Even for a king, vilifying others is a royal mistake


Numbers 22:2-25:9

Micah 5:6-6:8

They make an unusual villainous duo. The King of Moav named Balak and the Midianite prophet Balaam are not your garden-variety bad guys, coming to curse and later tempt and try to destroy the Jewish people. They don’t have a territorial issue with the Children of Israel, seeing as we have an explicit commandment not to fight Moav (except in self defense) and circumnavigate their territory to avoid battle.

They also don’t necessarily have a religious conflict with the Jewish people, as they each have an active (if complicated) relationship with Hashem. In the course of hiring Balaam to use his prophetic powers and curse the Jews, the text notes that Balak builds multiple altars to Hashem and offers sacrifices. For him this isn’t a battle of his gods versus the God of the Israelites, but rather an attempt to sway the One God against the nation miraculously redeemed from slavery in Egypt. Balaam all the more so sees himself as a believer and prophet of Hashem, repeatedly noting that as a prophet he cannot say anything that Hashem does not want him to say.

Why are these two men, under neither threat nor religious confrontation, hatching anti-Semitic plots in this week’s Torah portion? Why attack a people who are avoiding you in war, but just conquered the mighty local kings named Sichon and Og when provoked? Why look for trouble?

Furthermore, it is odd that throughout the story Balak turns to the Midianites for assistance. He looks to them for guidance at the outset, borrows their prophet Balaam to curse, and at the end uses Midianite women to tempt the Jewish men and provoke religious stumbling to make the Israelites vulnerable. What about his own nation of Moav? Don’t they have good advisers, talented prophets and attractive women?

There is another narrative that offers a useful paradigm for our purposes, one that is found in a story that centers around the 13th chapter of the book of Kings I (Melachim Aleph). It too is the story of a king who threw away the peace that was enjoyed by his kingdom, King Rechovom.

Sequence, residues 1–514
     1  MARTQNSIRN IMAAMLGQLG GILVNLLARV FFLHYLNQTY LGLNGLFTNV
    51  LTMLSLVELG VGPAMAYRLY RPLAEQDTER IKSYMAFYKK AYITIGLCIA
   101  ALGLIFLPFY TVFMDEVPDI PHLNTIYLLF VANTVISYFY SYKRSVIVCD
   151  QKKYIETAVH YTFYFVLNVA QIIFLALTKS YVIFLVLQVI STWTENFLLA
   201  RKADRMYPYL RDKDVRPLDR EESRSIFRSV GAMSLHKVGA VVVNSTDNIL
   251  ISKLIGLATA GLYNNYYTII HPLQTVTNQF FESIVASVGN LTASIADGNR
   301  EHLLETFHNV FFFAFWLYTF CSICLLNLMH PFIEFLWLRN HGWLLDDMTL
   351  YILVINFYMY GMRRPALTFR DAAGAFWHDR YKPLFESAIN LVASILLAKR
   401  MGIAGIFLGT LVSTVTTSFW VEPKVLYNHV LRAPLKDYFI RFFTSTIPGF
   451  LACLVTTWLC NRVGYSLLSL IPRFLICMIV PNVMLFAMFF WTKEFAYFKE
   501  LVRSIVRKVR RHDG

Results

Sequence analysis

Rechovom was the son of the wise King Solomon, who had brought unparalleled peace and prosperity to the land. To help support the building of a beautiful and fitting temple in Jerusalem, Solo-mon had also raised taxes to very high levels. The people did not protest, as they loved the king and supported the project.

But when Solomon died and Rechovom took over, they asked for relief from the high economic burden. The new young king ignored his father’s seasoned advisers and took the advice of his inexperienced friends that his best bet was to demonstrate his power and cow the people into submission by raising taxes further still.

This was a disaster that led to the splitting of the kingdom, idolatry and the undermining of many past achievements for our people. And it was all because Rechovom was insecure and wanted to show everyone who “the boss” was. So sad that he couldn’t see it: Honor that one demands isn’t the real thing. Respect that one earns and is freely given by others is genuine.

Rashi notes from a close reading of 22:4 that Balak was not actually a Moabite at all, but rather a Midianite who had recently stepped in to lead Moav to fill a power vacuum. Thus he turned consistently to Midian, his people, for help and support.

This also helps explain his seemingly irrational and self-destructive campaign against the Jewish people; he was a very insecure new and foreign king who needed to prove something to everyone, including himself. A very poor choice indeed.

So often when we feel insecure, we feel the need to prove our worth by putting others down. Balak offers a reminder that this behavior is unwarranted and hurtful, both to others and to one’s self. Instead, when we see that we have it out for someone we know, it would be worthwhile to remind ourselves that perhaps the first place we should be looking is straight into the mirror.

Rabbi Judah Dardik is the spiritual leader at Orthodox Beth Jacob in Oakland. He can be reached at [email protected].